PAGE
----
Maryland Diocese: Bishop At Wheel In Fatal Hit-And-Run

An Episcopal bishop was the driver in a hit-and-run crash that killed a bicyclist in Baltimore

Cook pleaded guilty to drunken driving, and the prosecution of marijuana possession charges was dropped. A judge sentenced her to a fine and probation before judgment on the DUI charge, meaning her record could be cleared if she stayed out of trouble… In an email Sunday, Bishop Eugene Sutton told priests in the diocese that Cook left the scene of Saturday’s accident, but returned about 20 minutes later “to take responsibility for her actions.”

 

An Episcopal bishop who was the driver in a hit-and-run crash that killed a bicyclist in Baltimore [on December 27, 2014] was charged four years ago with drunken driving and marijuana possession, court documents show.

Bishop Suffragan Heather Cook, who is the No. 2 leader for the Episcopal Diocese of Maryland, was driving a car that hit Tom Palermo, 41, on a sunny Saturday afternoon, diocese spokeswoman Sharon Tillman said.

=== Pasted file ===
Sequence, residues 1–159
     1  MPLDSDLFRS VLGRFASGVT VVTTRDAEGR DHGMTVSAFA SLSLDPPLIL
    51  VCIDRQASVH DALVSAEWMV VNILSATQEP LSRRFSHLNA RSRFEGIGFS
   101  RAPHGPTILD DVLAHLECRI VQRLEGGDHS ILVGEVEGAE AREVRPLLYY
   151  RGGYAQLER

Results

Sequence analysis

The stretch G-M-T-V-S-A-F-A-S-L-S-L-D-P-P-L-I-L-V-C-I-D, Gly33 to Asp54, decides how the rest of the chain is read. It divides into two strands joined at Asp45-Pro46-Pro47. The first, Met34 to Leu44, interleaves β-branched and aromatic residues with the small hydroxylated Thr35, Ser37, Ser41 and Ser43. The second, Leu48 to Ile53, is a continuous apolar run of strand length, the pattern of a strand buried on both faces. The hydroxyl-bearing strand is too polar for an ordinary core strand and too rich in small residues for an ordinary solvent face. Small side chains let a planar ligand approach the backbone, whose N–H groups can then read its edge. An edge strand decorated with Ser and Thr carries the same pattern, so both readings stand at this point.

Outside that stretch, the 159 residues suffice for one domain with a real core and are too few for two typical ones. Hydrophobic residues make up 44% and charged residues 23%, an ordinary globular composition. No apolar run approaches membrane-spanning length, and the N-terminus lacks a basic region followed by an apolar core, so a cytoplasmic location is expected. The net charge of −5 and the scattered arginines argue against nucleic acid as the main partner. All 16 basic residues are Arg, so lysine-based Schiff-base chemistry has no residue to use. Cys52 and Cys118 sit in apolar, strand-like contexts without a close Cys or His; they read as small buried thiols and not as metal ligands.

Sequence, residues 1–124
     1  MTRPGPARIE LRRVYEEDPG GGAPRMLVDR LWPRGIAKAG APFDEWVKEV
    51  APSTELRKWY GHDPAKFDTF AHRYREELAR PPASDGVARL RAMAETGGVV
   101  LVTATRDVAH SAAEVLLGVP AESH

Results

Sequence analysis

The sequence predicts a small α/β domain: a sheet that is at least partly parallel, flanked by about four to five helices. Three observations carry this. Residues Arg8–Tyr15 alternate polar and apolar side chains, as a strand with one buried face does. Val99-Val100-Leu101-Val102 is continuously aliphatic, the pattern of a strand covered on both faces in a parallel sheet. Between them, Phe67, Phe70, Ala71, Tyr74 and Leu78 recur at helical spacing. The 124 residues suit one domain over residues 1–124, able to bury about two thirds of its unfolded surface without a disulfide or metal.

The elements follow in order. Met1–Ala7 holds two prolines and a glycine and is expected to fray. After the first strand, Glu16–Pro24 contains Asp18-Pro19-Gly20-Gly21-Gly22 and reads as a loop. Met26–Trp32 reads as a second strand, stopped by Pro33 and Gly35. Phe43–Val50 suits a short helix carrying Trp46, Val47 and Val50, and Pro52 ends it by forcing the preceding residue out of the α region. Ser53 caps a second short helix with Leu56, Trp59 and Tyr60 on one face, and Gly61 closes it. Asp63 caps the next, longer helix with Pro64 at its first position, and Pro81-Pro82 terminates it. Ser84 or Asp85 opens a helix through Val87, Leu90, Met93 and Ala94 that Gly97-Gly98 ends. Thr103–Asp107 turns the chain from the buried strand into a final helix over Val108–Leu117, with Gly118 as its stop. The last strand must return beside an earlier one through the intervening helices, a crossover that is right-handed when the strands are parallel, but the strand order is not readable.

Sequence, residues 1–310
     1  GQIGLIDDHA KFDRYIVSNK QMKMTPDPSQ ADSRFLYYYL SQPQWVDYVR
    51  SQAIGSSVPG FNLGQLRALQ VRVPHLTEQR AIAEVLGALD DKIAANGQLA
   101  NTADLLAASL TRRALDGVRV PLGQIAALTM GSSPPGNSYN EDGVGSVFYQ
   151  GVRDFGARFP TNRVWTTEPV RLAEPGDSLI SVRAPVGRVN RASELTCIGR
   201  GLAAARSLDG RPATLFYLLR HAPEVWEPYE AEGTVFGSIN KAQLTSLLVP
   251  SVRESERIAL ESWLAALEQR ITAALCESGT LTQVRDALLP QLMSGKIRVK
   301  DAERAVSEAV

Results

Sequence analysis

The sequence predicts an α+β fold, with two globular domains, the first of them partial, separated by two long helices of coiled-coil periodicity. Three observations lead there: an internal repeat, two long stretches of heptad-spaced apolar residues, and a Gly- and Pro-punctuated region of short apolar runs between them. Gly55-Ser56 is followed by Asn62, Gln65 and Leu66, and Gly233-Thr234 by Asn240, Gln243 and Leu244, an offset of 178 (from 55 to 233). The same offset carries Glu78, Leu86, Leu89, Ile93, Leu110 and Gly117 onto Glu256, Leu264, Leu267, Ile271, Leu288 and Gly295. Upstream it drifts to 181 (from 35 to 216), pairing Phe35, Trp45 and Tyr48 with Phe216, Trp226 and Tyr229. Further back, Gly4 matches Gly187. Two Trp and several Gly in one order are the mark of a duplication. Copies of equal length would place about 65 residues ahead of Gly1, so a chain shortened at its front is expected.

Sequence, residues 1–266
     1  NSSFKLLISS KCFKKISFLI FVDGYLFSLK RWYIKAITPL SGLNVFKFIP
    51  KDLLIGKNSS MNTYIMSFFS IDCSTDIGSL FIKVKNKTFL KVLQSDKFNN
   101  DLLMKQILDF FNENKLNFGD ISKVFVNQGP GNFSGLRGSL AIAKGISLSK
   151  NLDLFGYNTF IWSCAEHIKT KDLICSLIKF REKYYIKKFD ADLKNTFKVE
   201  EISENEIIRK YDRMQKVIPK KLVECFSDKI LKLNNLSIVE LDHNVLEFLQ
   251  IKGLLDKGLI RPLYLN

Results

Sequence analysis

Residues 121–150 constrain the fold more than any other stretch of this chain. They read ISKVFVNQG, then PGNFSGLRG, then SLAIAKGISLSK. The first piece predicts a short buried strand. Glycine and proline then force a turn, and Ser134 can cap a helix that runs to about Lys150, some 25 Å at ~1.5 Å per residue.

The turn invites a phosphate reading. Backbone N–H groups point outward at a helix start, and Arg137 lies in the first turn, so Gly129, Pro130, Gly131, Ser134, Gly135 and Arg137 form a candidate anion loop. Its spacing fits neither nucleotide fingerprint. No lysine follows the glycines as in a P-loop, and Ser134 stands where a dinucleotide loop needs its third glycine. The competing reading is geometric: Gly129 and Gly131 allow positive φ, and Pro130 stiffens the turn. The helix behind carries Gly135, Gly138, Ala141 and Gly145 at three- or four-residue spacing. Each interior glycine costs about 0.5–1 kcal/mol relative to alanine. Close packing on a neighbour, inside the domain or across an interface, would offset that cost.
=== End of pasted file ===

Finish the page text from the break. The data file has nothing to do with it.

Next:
Palermo died from head injuries, said Bruce Goldfarb, spokesman for the Maryland medical examiner’s office.

Court records show that a sheriff’s deputy stopped Cook on Sept. 10, 2010, in Caroline County on the Eastern Shore. The officer wrote in a report that Cook was driving on the shoulder at 29 mph in a 50 mph-zone with a shredded front tire. The deputy noted that a strong alcohol odor emanated from the vehicle and that Cook had vomit down the front of her shirt.

The officer wrote that Cook was so intoxicated that she couldn’t finish a field sobriety test because she might fall and hurt herself.

According to the report, Cook registered .27 percent blood alcohol content. The legal limit in Maryland is .08 percent.

The officer found two small bags of marijuana in the vehicle, along with paraphernalia, and a bottle of wine and a bottle of liquor.

Cook pleaded guilty to drunken driving, and the prosecution of marijuana possession charges was dropped. A judge sentenced her to a fine and probation before judgment on the DUI charge, meaning her record could be cleared if she stayed out of trouble.

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